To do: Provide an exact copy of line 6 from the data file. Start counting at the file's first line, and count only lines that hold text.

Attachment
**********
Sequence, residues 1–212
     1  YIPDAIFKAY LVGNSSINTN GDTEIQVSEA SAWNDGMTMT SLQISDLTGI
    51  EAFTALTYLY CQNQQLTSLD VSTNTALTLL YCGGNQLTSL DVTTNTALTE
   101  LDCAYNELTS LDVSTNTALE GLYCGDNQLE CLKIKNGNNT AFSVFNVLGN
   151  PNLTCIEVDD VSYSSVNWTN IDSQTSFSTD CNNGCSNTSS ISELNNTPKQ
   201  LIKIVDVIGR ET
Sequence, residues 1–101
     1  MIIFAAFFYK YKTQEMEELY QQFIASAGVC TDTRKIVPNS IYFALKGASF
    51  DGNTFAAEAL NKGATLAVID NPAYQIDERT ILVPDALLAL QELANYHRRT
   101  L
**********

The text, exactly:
   201  LIKIVDVIGR ET